Hope you can catch the next edition of All This Jazz, airing on Saturday the 6th at 10pm, right here on Public Radio 89.5 (with a 7pm rebroadcast of the show on Jazz 89.5-2, our station's jazz-only HD Radio channel, on Sunday the 7th).
Amy Speace performs on Mountain Stage, recorded live at West Virginia University in Morgantown. A talented singer-songwriter, Speace has worked for the past 10 years under the radar of the mainstream music industry. Her creative life started out amid New York City's theater scene, where she primarily performed Shakespeare with fringe and experimental companies.
Feufollet makes its first appearance on Mountain Stage, recorded live at West Virginia University in Morgantown. The six members of the Louisiana band once described as "the Cajun Fleetwood Mac" take Cajun, honky-tonk and string-band music as their point of departure, all while keeping open minds about where their influences will lead them.
Nashville singer-songwriter Jessie Baylin leaned toward Brill Building pop on her 2012 album Little Spark. But for her latest, Dark Place, she teams up with super-producer Richard Swift to craft a more seductive set of songs. "Black Blood" exemplifies how Baylin's songwriting mines a deep well of emotion and life experience, from relationships to motherhood to life on the road.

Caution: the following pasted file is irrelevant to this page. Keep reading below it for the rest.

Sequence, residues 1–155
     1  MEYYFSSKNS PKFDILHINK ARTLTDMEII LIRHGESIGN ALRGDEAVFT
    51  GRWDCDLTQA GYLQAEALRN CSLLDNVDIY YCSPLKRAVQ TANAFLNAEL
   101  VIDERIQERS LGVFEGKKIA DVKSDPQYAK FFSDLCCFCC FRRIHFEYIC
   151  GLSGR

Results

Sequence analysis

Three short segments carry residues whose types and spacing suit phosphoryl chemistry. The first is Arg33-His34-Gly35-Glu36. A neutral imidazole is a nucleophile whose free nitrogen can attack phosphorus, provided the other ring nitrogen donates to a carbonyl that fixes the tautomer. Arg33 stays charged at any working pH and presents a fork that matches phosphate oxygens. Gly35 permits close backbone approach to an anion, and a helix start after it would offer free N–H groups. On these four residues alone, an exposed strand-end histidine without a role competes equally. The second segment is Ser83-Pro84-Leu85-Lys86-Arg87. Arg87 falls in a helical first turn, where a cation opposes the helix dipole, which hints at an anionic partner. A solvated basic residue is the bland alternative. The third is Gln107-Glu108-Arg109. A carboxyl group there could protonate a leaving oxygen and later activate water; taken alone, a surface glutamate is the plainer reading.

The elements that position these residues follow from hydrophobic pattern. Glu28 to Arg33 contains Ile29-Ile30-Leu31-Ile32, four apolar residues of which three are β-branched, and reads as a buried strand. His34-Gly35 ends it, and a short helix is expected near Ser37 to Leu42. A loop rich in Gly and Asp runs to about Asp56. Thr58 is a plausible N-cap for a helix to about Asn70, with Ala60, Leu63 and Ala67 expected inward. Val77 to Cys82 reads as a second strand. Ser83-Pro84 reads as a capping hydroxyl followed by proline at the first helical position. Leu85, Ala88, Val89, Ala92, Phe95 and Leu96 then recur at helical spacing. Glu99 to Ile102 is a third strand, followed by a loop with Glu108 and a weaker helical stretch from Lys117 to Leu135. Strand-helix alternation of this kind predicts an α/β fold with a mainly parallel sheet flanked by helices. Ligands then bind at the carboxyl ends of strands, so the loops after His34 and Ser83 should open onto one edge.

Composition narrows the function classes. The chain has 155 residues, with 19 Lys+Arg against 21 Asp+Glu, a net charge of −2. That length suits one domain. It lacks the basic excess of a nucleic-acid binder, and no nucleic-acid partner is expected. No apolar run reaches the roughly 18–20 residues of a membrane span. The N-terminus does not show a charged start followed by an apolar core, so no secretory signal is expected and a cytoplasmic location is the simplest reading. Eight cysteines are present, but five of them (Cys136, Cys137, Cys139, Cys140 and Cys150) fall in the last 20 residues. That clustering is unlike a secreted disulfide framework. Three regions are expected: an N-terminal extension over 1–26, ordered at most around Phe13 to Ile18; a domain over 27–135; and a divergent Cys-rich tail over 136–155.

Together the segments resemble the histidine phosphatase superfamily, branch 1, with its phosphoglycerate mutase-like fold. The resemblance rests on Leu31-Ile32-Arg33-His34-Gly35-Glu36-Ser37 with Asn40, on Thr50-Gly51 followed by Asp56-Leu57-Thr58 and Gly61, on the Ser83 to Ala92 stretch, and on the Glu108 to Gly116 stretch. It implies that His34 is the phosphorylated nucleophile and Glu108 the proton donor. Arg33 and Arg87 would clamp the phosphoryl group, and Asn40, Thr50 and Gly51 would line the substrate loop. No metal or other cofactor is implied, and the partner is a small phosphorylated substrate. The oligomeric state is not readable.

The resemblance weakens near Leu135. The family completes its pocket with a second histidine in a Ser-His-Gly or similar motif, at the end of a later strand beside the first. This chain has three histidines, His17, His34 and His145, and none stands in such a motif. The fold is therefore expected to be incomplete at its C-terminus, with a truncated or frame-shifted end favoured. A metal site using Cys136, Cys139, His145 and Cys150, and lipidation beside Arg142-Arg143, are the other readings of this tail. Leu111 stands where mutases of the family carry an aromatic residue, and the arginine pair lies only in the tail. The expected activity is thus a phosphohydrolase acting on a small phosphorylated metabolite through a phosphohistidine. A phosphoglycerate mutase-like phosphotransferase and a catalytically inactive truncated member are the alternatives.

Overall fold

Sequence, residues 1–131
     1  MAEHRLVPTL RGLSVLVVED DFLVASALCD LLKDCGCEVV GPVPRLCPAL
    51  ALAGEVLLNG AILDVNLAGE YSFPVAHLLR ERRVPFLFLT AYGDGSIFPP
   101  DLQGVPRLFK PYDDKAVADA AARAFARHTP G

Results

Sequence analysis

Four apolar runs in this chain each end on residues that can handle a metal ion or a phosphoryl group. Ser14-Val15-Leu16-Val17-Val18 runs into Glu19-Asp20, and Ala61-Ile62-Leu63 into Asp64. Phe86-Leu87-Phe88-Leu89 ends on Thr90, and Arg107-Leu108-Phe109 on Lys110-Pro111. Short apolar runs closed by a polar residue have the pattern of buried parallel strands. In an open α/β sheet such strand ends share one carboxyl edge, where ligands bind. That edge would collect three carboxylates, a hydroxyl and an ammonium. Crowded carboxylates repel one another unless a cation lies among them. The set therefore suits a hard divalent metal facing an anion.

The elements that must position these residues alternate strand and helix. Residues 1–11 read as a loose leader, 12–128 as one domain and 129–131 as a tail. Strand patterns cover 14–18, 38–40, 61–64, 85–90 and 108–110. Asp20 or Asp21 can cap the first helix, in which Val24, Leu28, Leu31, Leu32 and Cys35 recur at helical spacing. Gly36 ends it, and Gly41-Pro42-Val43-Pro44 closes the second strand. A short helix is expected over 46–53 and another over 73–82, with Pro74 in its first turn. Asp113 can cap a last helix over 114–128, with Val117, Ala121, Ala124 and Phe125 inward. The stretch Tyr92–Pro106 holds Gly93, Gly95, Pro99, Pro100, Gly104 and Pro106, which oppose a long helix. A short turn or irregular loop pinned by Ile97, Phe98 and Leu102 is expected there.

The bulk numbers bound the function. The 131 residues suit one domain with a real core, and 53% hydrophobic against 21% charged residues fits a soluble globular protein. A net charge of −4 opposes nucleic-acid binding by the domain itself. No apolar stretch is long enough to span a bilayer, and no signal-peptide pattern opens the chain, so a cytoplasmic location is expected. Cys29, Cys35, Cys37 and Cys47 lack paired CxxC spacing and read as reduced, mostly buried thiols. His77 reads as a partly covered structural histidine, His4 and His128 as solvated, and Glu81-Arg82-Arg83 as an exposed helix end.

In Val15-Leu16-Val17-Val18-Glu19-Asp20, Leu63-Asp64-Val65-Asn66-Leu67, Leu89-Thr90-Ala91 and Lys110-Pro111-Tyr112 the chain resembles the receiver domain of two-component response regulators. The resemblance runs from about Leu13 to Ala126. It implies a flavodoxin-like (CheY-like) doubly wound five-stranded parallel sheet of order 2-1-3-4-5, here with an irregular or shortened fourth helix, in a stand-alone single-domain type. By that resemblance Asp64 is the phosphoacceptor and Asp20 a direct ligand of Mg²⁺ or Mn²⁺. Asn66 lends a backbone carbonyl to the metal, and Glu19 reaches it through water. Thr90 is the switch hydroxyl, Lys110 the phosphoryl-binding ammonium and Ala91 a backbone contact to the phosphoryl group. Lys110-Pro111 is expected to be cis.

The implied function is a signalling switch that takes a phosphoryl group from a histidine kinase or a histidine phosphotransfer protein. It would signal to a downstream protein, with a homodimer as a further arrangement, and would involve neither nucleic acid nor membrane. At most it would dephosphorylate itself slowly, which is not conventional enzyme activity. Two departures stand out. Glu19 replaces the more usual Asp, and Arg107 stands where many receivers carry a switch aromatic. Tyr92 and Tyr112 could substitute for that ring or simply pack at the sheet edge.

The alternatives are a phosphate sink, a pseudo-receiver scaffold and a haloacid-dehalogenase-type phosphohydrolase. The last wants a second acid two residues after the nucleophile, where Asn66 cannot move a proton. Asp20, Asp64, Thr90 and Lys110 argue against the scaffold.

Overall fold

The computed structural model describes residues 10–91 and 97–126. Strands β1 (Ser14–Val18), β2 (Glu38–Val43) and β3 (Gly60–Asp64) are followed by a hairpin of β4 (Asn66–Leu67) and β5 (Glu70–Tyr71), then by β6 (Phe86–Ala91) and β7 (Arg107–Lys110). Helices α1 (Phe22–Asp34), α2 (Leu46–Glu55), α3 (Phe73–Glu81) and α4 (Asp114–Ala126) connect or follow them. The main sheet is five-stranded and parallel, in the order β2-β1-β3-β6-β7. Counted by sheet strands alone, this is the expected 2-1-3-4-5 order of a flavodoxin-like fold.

Why is classical music so hard to enjoy on streaming services? In one word, it's metadata. Metadata is the information that coexists with every digital music file: each and every piece of information about a selection of music that a listener might find useful to know, and what makes the information in one file discernible from the next. In the case of classical music, relevant and important metadata includes the name of the piece of music, the composer, the album it's from, the performers, the label that released the recording and the year it was recorded.
The Alison Brown Quartet appears on Mountain Stage, recorded live on the campus of West Virginia University in Morgantown. Brown has been appearing on Mountain Stage for more than 15 years, dating back to her first visit playing banjo alongside Alison Krauss.
Margaret Juntwait was the mellifluous voice of the Metropolitan Opera's Saturday live radio broadcasts. She was also a longtime host at NPR member station WNYC in New York. Juntwait died Wednesday at age 58 of complications from ovarian cancer. The Met and WNYC have each offeredtributes.